Why So Many Stars Left The CSI Franchise

"CSI" fans rejoiced in March 2021, when CBS announced that the crime drama, which originally ended in 2015, would be revived during the 2021-2022 TV season. Per the official synopsis, "CSI: Vegas" would feature "a brilliant new team of investigators" who "must welcome back old friends and deploy new techniques to preserve and serve justice in Sin City" after an "existential threat that could bring down the Crime Lab" appears.

In anticipation of the new series — which debuted that October and was set to feature familiar faces like William Petersen, Jorja Fox, and Wallace Langham — we've been looking back at some of our favorite characters from seasons and spin-offs past. Particularly, the ones who left "CSI" too early.

If, like us, you've wondered why some of your favorite characters left the franchise, then keep reading: we have answers. From OGs like George Eads to blips on the radar like Melina Kanakaredes, we'll tell you exactly why they decided to hang up their badges.

William Petersen didn't want to play it safe

For nine seasons, Gil Grissom led the "CSI" team in investigating some of Las Vegas' most gruesome murders. The socially awkward, witty cop was a fan favorite and has repeatedly been voted one of TV's top sleuths. So, it came as a shock to many when William Petersen announced he was leaving "CSI" in 2009.

The actor told Entertainment Weekly (via CNN), "The reason I'm leaving is because I'm afraid I'm becoming too comfortable." He continued, "It's 'CSI' — they pay me a lot of money, and I don't have to work very hard anymore. I've got it all figured out. And I just realized, God, as an artist, I'm going to atrophy. You do anything for nine years, it becomes somewhat rote." Petersen expressed that he wasn't interested in keeping the job for money or convenience.

"Just didn't want it. It was too safe for me at this point. So I needed to try and break that, and the way to do that, for me, is the theater," he said.

Unlike many of his cast mates, Petersen didn't seem especially sad to leave his character behind, telling Entertainment Weekly, "I won't miss Grissom. ... And I hope that the audience won't miss him either." The audience, however, did seem to miss the unflappable leader, with 23 million viewers tuning in for William Petersen's final episode.

Gary Dourdan's mysterious 2008 exit

In 2008, Gary Dourdan was one of the few Black men on television in a leading, prime-time role. His "CSI" character, Warrick Brown, was complicated — a devoted cop who struggled with a gambling addiction and had difficulty maintaining intimate relationships. It was this multifaceted nature that drew Dourdan to the character in the first place. He told Red Carpet News, "When I got the show, it was a great challenge. To be an actor and to be in a drama, you want to be able to play a character that has dimensions, and I was able to do that with that show."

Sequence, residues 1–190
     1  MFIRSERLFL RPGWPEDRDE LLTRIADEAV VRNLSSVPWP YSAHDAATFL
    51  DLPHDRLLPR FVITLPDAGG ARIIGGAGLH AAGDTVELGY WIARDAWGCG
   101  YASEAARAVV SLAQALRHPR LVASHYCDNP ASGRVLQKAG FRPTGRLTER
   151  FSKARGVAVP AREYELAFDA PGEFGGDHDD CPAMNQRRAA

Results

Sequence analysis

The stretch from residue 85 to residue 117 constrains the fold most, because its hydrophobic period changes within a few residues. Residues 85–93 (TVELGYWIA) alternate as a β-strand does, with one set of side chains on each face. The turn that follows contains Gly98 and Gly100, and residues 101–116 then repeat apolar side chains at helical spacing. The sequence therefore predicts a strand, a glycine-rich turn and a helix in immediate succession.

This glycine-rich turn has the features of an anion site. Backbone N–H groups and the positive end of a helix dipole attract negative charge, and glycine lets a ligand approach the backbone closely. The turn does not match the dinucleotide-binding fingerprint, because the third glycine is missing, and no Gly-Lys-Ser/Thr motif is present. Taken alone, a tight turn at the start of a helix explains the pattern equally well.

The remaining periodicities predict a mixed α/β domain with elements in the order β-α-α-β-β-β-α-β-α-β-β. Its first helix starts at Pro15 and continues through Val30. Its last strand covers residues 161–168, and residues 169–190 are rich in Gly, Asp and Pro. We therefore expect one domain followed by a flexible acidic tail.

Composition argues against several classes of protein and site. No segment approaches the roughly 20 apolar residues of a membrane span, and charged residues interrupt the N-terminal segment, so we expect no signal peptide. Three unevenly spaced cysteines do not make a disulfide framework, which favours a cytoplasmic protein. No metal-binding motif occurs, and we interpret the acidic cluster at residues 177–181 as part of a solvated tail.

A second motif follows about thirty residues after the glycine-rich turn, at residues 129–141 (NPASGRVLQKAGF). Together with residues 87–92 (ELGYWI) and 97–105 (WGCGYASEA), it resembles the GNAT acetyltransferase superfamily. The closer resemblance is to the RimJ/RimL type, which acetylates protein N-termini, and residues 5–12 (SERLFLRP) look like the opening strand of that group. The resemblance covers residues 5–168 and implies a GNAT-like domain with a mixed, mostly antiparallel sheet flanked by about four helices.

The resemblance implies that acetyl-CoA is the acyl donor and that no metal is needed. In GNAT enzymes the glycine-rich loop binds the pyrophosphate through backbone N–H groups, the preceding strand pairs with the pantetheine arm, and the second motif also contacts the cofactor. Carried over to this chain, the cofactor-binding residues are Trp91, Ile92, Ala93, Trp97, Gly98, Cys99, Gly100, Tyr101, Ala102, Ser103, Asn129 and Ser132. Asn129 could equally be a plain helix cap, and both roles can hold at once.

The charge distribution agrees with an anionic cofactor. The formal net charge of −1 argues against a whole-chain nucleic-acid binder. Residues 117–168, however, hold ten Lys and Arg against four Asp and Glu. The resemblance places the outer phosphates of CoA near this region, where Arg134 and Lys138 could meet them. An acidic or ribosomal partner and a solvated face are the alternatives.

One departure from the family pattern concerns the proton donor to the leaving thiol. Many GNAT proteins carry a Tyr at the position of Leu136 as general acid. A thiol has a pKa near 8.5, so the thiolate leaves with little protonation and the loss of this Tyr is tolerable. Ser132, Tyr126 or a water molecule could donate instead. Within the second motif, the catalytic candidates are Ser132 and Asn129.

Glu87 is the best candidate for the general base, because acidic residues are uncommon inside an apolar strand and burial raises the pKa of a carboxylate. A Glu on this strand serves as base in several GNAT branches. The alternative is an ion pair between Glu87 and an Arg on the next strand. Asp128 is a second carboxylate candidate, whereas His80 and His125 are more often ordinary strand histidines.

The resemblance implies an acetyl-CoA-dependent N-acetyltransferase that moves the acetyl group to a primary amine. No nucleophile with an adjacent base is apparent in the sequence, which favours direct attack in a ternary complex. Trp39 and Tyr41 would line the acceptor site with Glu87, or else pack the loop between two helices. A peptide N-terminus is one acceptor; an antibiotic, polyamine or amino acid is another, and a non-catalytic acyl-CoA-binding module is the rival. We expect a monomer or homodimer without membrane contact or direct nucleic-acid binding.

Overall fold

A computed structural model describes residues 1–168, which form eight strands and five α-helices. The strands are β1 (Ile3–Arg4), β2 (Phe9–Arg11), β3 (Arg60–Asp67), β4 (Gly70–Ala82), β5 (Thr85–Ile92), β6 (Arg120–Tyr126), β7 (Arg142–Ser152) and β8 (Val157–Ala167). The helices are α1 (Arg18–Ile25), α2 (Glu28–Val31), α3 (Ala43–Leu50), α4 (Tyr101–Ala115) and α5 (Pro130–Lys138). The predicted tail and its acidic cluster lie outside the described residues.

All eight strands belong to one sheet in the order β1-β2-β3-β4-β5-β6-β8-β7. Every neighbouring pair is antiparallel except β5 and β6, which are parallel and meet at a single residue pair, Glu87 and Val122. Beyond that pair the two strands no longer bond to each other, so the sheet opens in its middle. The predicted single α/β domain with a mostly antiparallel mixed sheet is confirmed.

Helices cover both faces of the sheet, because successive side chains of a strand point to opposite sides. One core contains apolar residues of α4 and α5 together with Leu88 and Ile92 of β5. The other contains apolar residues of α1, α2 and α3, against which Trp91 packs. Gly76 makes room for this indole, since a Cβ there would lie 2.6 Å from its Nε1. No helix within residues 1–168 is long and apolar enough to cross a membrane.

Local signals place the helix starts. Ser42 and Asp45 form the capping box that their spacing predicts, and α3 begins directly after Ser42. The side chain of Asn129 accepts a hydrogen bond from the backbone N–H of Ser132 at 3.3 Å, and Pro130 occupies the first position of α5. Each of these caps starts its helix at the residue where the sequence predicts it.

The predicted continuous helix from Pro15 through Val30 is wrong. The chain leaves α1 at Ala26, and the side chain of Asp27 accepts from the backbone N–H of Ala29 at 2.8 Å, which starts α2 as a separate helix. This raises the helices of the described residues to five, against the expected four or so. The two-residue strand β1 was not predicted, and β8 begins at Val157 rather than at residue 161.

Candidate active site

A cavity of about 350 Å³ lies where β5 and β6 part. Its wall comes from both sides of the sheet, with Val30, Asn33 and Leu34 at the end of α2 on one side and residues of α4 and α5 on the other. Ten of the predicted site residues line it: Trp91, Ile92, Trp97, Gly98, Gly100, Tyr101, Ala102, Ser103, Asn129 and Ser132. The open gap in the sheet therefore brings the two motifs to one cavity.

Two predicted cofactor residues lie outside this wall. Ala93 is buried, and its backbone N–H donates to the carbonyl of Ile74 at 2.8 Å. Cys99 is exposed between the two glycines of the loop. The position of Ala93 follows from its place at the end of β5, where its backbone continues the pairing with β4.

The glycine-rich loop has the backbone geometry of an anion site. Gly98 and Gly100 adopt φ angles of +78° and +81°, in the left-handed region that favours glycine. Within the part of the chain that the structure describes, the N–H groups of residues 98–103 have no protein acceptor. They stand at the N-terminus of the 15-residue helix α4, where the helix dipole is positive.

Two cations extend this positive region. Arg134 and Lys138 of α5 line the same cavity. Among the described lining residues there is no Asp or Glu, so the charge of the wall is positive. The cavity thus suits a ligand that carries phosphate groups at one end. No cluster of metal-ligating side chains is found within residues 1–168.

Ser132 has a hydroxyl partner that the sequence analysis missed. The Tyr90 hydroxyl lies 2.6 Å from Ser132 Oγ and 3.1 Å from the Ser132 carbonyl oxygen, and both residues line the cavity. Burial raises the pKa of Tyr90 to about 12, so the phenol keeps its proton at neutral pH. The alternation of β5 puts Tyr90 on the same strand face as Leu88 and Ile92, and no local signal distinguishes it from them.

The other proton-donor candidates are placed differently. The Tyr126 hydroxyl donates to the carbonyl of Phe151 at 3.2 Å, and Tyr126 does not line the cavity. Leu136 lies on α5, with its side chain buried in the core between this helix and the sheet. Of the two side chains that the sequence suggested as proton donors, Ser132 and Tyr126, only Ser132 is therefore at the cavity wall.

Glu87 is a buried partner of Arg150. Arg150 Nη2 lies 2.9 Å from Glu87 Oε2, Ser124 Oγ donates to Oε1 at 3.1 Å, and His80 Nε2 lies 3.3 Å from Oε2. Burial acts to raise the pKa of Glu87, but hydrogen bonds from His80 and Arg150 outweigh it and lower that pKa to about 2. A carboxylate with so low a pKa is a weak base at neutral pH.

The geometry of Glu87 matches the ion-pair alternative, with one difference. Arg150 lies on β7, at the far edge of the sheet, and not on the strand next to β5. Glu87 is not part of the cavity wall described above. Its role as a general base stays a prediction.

It seemed that the thrill of the challenge wore off, and Dourdan announced he was leaving "CSI" at the beginning of Season 9. Entertainment Weekly reported that his exit was a mutual decision between CBS/Paramount and the actor. The reasoning behind Dourdan's on-screen death (his character is fatally shot at the end of Season 8 and dies in Season 9) is unclear. The actor was arrested in 2008 on drug possession charges, but his exit from "CSI" was reportedly announced before his arrest.

George Eads took time off

One of the very few "CSI" actors to last all 15 seasons of the show's original run, George Eads never technically left the series. However, he did take two notable leaves of absence for two very different reasons.

The first came at the start of Season 5, when he was fired after missing the first day of filming. Eads claimed he had merely overslept, while CBS viewed the incident "as a salary dispute" (via Entertainment Weekly). Eventually, the two parties came to an agreement, and Eads was rehired at his original salary. Then, at the start of Season 13, Eads once again missed several episodes after getting in a heated argument with a pregnant writer.

Despite the drama — and his "I quit" style complaints — the actor continued to portray Nick Stokes to the very end. But his endurance might have been more a twist of fate than actual dedication. In late 2014, Eads announced that "CSI's" 15th season would be his last. Eventually, CBS reported that they'd be ending the series altogether. As a result, Eads went out with the series, and no official announcement or reasoning for his departure was ever given (aside from The Hollywood Reporter's news that it was supposedly "amicable").

Marg Helgenberger was ready for a change

Some "CSI" stars' exits have been acrimonious, but Marg Helgenberger's departure was not among them. After her character, Catherine Willows, was promoted to night-shift supervisor (following the absence of the character Gil Grissom), Helgenberger spent three years leading the cast, leaving in the middle of Season 12.

In an interview with The Hollywood Reporter, Helgenberger said that she was leaving the series because she "instinctively felt it was time to end that chapter of my career. I'm 53 now, and I feel like I'm still young enough to switch it up." Although she decided to ultimately trust her gut and say goodbye to her character and the work, leaving wasn't easy. The actor noted that she enjoyed her time with the cast and the "collaborative camaraderie" that existed behind the scenes. Her son, Hugh, with whom she shares a close relationship, was working in the CSI production offices at the time, and we can't imagine that losing that working relationship was easy on the pair.